Turkey - Foreign policy

Turkey has been eager for membership in the EU. The EU, however, has cited Turkey's underdeveloped economy and human rights violations as impediments to its entry. The EU-Turkish accession partnership agreement, finalized in November 2000, established a "road map" of human rights, democratization, and other reforms required for Turkey to formally accede to the EU. In December 2002, however, Turkey was not one of 10 new countries to be invited to join the EU.

Relations with Greece will continue to dominate Turkey's foreign policy agenda. Ever since it joined the EU in 1981, Greece traditionally opposed the entry of Turkey into the union because of the situation in Cyprus. With the support of Greece, however, the government of Cyprus sought ascension to the EU. Turkey believed that Cyprus' acceptance in the EU without an official, internationally recognized resolution to the issue of continued self-government for the Turkish Cypriots would be a violation of the rights of the latter. Although the question of the reunification of Cyprus was not resolved by early 2003, the Greek Cypriot government was accepted as an officially invited new member of the EU, with accession to take place in 2004.

Nevertheless, since mid-1999, Greek-Turkish relations have undergone significant improvement. The tragedy surrounding the major Turkish earthquake in August 1999 formed the catalyst for this thaw. Greece was among the first countries to offer aid to its traditional foe. When a smaller earthquake struck Greece the following month, Turkey reciprocated the Greek gesture. In the aftermath of the tragedies, Greece and Turkey continued a dialogue that resulted in the signing of cooperation accords in the areas of tourism and the fight against terrorism. In addition, Greece's support of the decision of the 1999 EU summit in Helsinki to place Turkey as a candidate for EU membership also helped to continue the thaw in Greece's relations with its eastern neighbor.

In January 2003, France, Germany, and Belgium blocked a North Atlantic Treaty Organization (NATO) agreement to have the alliance come to the aid of Turkey in the event of an attack from Iraq. The issue was resolved a month later, with NATO maintaining it would stand behind Turkey, but tensions within the alliance were high. This action came against the backdrop of the United Nations (UN) Security Council's resolution passed in November 2002 to have Iraq disarm itself of weapons of mass destruction and allow for the return of international weapons inspectors, and the U.S. and British-led efforts to speed that process, by force if necessary. The United States requested Turkey allow the deployment of 62,000 troops for use in a possible invasion of Iraq from the north, a decision voted down by Parliament on 1 March 2003. War began on 19 March, and Baghdad fell to U.S. forces on 9 April. Erdogan had stated the AK-led government that was voted into office in November 2002 would support a military strike against Iraq, although he stated Turkey was concerned that the territorial integrity of Iraq be preserved after a war, and that the economic effects of such a conflict should be taken into consideration. Turkey threatened to send troops into Iraq, concerned with a potential seizure of power by the 3.5 million Kurds in northern Iraq. Turkey fears the Iraqi Kurds will want to unite with Turkey's 12 million Kurds to form an independent Kurdistan.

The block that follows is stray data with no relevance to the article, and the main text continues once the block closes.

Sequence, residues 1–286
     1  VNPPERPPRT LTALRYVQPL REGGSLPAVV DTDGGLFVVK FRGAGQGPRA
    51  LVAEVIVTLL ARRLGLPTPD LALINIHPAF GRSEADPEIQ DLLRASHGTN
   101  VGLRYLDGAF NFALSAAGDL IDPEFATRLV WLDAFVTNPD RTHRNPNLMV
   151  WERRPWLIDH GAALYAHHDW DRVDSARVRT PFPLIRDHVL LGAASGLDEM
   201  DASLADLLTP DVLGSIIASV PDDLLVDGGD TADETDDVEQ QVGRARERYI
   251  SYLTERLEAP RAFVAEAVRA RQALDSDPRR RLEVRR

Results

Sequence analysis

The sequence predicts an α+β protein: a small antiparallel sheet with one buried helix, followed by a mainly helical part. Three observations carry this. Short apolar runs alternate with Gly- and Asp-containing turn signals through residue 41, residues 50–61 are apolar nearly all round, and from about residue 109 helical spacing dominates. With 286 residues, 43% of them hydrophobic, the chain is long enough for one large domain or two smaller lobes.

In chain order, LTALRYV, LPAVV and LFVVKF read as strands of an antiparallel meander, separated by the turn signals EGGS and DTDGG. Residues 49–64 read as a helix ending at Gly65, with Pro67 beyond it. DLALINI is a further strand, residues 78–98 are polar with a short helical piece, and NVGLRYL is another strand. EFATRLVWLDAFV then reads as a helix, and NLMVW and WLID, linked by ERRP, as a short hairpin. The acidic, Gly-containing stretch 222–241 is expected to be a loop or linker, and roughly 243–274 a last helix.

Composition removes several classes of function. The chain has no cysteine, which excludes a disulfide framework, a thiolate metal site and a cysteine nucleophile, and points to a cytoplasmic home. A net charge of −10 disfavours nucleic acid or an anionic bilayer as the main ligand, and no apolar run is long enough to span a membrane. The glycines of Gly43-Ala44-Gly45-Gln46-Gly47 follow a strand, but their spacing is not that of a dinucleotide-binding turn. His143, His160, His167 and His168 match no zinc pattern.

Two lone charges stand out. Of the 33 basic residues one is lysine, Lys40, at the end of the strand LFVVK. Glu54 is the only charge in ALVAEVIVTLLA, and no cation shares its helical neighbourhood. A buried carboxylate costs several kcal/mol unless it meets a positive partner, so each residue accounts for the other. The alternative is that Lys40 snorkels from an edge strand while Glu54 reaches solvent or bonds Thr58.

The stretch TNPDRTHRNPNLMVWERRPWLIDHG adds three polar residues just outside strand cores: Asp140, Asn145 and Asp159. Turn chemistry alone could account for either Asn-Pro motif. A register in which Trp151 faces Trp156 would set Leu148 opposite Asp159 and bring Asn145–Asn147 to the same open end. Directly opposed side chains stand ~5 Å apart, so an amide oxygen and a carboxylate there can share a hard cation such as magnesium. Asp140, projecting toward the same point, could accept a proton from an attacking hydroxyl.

User Contributions:

Comment about this article, ask questions, or add new information about this topic: